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Last Updated: Wednesday, 8 March 2006, 06:56 GMT
How will F1 teams fare?
By Andrew Benson
Motorsport editor

The 2006 Formula One season starts in Bahrain on Sunday with many observers predicting that it will be the most competitive in years.

With four teams appearing to have a realistic chance of winning races, we assess how each team is likely to fare this year.


Giancarlo Fisichella in the new Renault F1 car
Renault have shown impressive pace and reliability so far
Last season's worthy world champions start the new season as hot favourites for another helping of success.

The new R26 car has been consistently fast in pre-season testing and, despite F1's change to smaller V8 engines, it has also been ultra-reliable.

Fernando Alonso is leaving at the end of the season, but as engineering director Pat Symonds says, that is only likely to be a problem if the team are uncompetitive.

As that looks unlikely, the brilliant Spaniard is favourite to win a second consecutive title.


Juan Pablo Montoya in the new McLaren-Mercedes MP4-121
McLaren look good despite a series of reliability problems
McLaren have made an impact with their new chrome livery, but shiny paint is not going to solve what looks like being their biggest problem.

The team have already been afflicted by what has become a fundamental flaw in recent years - the reliability of the Mercedes engine.

Until mid-February, McLaren's winter testing programme was bedevilled by car failures.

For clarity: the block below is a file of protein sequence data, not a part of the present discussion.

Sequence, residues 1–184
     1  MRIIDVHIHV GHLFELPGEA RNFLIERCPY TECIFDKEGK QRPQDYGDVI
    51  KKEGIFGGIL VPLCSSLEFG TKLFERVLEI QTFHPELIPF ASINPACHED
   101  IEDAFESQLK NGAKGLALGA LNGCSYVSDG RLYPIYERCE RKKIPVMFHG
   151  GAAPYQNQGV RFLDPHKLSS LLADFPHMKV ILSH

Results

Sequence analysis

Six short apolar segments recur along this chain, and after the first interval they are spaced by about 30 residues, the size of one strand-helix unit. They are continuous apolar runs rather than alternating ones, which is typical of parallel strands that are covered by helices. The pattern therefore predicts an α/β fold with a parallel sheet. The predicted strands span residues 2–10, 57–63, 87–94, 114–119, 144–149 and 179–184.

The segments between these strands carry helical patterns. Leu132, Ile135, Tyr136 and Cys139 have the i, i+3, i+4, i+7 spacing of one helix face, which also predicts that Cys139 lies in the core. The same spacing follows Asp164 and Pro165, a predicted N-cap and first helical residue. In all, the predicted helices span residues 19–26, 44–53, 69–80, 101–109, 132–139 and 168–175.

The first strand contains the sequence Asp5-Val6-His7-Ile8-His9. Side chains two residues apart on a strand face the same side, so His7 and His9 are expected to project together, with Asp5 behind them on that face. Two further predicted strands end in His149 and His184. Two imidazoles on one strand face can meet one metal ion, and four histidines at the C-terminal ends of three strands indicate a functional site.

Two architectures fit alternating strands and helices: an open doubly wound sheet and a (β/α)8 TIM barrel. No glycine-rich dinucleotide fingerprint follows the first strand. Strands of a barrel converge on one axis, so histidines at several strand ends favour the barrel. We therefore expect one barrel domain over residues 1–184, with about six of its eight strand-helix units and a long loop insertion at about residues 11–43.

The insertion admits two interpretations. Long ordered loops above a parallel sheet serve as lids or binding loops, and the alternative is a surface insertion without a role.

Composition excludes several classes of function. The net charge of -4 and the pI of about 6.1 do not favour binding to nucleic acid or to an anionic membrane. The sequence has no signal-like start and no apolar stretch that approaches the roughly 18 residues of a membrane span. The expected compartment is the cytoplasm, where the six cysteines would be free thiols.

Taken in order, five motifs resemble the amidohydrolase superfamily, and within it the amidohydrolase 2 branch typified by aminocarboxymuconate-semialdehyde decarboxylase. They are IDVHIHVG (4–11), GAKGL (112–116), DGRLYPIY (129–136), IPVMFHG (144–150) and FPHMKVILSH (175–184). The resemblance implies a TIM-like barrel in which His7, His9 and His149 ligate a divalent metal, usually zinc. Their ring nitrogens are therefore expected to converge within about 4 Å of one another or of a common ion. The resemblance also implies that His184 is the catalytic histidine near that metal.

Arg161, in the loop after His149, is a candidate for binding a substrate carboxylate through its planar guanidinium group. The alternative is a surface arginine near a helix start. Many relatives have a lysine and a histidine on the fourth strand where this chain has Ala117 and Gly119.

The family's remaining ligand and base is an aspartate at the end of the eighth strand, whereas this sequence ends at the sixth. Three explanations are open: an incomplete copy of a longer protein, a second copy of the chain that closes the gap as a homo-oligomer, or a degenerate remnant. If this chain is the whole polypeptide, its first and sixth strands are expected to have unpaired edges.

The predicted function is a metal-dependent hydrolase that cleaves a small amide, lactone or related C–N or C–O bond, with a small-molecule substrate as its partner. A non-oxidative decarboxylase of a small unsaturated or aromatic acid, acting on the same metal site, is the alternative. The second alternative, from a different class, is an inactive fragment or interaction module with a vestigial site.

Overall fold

But things improved dramatically after that, and in recent tests McLaren showed about the same pace as Renault.

With Fernando Alonso moving from Renault in 2007, Kimi Raikkonen and Juan Pablo Montoya know at least one of them will be out at the end of the season so both have plenty of motivation to do well.

Expect both to win races, but the title may again be out of reach.


Michael Schumacher in the new Ferrari 248
Ferrari are tipped for a revival - but signs are mixed so far
Ferrari's pre-season form has been difficult to judge because they have rarely tested alongside their rivals.

Renault's engineering director Pat Symonds says he expects Ferrari to be "right back in the hunt", but the Italian team have appeared to be slower than Honda and Renault on the few times they have tested alongside them.

The signs are their car is better than last year's disappointing machine, but Michael Schumacher's chances are likely to depend on Bridgestone's tyres.

So far, the Japanese company appear to be lagging behind rival Michelin, which supplies Renault, McLaren and Honda.

But there will be races - and the San Marino Grand Prix, as usual, will probably be one - where Bridgestone have an advantage.